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Africans Are Being Empowered to Write and Edit Wikipedia Articles About Their Own Countries and Culture

Posted by Walter Gido on

Africans Are Being Empowered to Write and Edit Wikipedia Articles About Their Own Countries and Culture

As the 10th most-visited website on Earth, and the largest repository of human knowledge there is, school curriculums and even entire worldviews can be formed simply through reading Wikipedia.

However, when the city of Paris has more information contained in Wikipedia than the entire African continent, there is a significant risk of young Africans beginning to perceive home as a “single story.” Further, an enormous amount of content on Wikipedia about African culture, languages, geography, and more, is written by Westerners. The inevitable lack of cultural context inherent in the everyday experiences of Africans can lead to stereotyping again turning one small part of the African story into the whole story.

The WikiAfrica Education Program, founded by the Moleskine Foundation, is an effort to foster creativity and an interest in culture in African school curriculums by teaching students how to prepare and submit, as well as edit, articles on Wikipedia. Since 2006, the WikiAfrica Program has led students contributing 40,000 submissions, including articles, and also audio clips, edits, photos, and more. Notably, many of the most detailed of these submissions were in African languages like isiXhosa.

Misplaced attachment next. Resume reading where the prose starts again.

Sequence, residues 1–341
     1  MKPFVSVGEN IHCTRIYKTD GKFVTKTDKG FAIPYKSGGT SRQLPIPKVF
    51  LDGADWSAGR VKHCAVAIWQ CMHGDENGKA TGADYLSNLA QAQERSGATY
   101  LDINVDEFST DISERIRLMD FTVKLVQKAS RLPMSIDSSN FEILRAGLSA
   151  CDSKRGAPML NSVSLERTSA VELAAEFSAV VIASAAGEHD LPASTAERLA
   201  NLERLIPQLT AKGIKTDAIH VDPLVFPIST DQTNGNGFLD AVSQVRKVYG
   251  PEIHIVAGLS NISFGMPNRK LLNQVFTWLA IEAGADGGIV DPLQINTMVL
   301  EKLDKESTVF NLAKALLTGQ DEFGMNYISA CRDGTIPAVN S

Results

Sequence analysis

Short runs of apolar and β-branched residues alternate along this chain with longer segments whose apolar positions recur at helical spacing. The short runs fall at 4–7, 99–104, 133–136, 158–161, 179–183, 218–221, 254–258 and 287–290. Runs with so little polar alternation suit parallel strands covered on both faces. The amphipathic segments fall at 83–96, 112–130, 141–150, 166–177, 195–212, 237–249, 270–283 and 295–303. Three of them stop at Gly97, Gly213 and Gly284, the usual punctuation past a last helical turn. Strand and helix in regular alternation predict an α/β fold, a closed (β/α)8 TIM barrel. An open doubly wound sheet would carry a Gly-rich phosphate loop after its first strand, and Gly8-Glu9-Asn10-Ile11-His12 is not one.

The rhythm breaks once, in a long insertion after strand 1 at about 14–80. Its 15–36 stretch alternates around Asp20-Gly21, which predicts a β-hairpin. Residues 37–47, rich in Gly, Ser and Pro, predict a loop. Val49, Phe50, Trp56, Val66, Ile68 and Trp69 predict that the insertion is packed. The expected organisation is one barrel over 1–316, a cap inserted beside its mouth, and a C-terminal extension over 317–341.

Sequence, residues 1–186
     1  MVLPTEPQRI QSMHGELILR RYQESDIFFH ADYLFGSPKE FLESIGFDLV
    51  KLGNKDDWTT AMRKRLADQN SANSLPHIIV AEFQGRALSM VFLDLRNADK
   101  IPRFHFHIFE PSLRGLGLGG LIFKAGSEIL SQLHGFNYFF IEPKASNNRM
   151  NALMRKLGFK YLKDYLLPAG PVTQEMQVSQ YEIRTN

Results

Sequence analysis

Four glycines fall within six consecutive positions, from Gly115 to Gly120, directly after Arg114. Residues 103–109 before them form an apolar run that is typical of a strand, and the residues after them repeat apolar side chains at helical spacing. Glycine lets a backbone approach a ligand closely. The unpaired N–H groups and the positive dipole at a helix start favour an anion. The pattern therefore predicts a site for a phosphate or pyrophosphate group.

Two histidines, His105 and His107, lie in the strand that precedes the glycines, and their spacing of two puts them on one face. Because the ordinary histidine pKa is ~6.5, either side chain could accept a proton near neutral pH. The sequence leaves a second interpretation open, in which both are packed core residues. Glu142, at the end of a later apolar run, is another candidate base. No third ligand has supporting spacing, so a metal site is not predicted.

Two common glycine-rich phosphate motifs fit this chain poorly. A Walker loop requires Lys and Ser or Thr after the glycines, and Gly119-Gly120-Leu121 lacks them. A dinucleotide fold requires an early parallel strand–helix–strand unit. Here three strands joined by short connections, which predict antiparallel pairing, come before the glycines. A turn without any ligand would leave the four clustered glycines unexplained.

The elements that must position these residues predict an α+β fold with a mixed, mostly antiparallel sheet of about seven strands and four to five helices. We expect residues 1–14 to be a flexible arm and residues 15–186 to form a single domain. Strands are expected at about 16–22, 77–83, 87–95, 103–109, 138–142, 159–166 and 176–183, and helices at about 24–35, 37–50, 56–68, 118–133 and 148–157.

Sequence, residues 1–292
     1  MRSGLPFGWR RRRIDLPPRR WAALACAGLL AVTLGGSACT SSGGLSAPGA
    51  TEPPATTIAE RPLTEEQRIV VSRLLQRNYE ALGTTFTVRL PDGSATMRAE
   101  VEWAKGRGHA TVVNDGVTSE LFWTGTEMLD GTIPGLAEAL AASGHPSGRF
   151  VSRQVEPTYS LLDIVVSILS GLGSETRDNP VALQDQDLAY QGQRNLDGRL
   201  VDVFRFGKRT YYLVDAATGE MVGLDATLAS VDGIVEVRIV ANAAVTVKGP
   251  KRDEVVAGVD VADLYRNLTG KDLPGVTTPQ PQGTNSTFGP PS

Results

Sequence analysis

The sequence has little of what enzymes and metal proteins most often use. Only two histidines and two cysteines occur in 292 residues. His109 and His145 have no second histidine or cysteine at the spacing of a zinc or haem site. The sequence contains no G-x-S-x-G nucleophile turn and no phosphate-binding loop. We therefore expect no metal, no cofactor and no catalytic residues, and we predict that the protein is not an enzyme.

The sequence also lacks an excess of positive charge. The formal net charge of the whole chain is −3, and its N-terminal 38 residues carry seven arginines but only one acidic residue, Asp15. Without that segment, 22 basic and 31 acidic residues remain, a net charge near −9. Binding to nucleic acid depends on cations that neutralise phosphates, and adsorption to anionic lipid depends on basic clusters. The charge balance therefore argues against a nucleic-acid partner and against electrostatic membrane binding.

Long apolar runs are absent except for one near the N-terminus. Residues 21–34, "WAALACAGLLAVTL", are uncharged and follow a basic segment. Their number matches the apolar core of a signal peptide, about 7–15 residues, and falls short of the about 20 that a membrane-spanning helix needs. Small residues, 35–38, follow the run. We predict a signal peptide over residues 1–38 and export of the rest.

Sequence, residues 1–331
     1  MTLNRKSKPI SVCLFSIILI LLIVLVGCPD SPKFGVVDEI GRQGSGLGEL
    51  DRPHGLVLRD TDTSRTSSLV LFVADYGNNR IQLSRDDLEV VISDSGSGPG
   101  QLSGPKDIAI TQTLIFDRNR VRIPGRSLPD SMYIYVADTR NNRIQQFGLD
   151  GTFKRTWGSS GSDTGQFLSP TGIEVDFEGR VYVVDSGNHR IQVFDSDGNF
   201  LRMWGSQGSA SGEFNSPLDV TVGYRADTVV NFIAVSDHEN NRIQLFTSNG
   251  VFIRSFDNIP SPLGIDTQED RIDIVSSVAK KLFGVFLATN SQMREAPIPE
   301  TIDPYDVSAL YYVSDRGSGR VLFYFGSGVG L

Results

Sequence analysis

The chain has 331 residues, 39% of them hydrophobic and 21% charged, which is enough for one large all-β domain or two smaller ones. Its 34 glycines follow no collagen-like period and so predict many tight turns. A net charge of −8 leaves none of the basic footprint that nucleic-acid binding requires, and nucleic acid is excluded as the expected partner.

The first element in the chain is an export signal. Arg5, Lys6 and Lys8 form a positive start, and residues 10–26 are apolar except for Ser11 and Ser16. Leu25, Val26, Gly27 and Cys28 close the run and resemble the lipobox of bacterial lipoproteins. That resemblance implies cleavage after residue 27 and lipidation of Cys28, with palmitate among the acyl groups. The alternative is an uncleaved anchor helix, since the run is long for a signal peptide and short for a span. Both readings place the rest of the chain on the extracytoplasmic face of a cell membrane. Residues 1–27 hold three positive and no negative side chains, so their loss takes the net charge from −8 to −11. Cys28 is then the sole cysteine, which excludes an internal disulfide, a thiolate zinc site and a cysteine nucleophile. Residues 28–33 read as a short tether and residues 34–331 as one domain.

Co-founder of the Moleskine Foundation, Adama Sanneh, an Italian-born son of a Gambian/Senegalese father, understands that creativity creates culture, and culture is the force that changes society.A self-professed nerdy kid drawn to culture, art, and philosophy during his childhood growing up outside of Milan, he started the Moleskine Foundation in an effort to try and galvanize Africans into changing power dynamics on the internet and in their daily lives.

“We aim to inspire young people from the continent and beyond, and especially African language speakers, to transform themselves from passive knowledge consumers to active knowledge producers,” says Sanneh, who then explained the startling information gap between Paris and Africa.

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